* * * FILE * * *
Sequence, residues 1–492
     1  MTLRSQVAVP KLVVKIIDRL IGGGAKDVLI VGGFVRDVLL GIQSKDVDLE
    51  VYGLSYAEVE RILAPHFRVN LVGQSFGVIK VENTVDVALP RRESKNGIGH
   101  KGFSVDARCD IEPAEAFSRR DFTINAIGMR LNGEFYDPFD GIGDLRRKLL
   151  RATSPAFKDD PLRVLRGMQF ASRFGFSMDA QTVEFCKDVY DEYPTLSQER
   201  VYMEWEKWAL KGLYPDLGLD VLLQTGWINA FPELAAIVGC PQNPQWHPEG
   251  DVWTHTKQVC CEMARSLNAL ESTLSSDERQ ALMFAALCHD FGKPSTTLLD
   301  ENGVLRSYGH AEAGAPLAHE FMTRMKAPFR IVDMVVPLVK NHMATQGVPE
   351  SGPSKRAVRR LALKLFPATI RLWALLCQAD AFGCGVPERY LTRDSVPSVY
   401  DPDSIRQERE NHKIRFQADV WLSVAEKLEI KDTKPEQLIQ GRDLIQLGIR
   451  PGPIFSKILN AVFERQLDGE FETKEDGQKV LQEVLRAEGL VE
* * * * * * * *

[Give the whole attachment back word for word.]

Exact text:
Sequence, residues 1–492
     1  MTLRSQVAVP KLVVKIIDRL IGGGAKDVLI VGGFVRDVLL GIQSKDVDLE
    51  VYGLSYAEVE RILAPHFRVN LVGQSFGVIK VENTVDVALP RRESKNGIGH
   101  KGFSVDARCD IEPAEAFSRR DFTINAIGMR LNGEFYDPFD GIGDLRRKLL
   151  RATSPAFKDD PLRVLRGMQF ASRFGFSMDA QTVEFCKDVY DEYPTLSQER
   201  VYMEWEKWAL KGLYPDLGLD VLLQTGWINA FPELAAIVGC PQNPQWHPEG
   251  DVWTHTKQVC CEMARSLNAL ESTLSSDERQ ALMFAALCHD FGKPSTTLLD
   301  ENGVLRSYGH AEAGAPLAHE FMTRMKAPFR IVDMVVPLVK NHMATQGVPE
   351  SGPSKRAVRR LALKLFPATI RLWALLCQAD AFGCGVPERY LTRDSVPSVY
   401  DPDSIRQERE NHKIRFQADV WLSVAEKLEI KDTKPEQLIQ GRDLIQLGIR
   451  PGPIFSKILN AVFERQLDGE FETKEDGQKV LQEVLRAEGL VE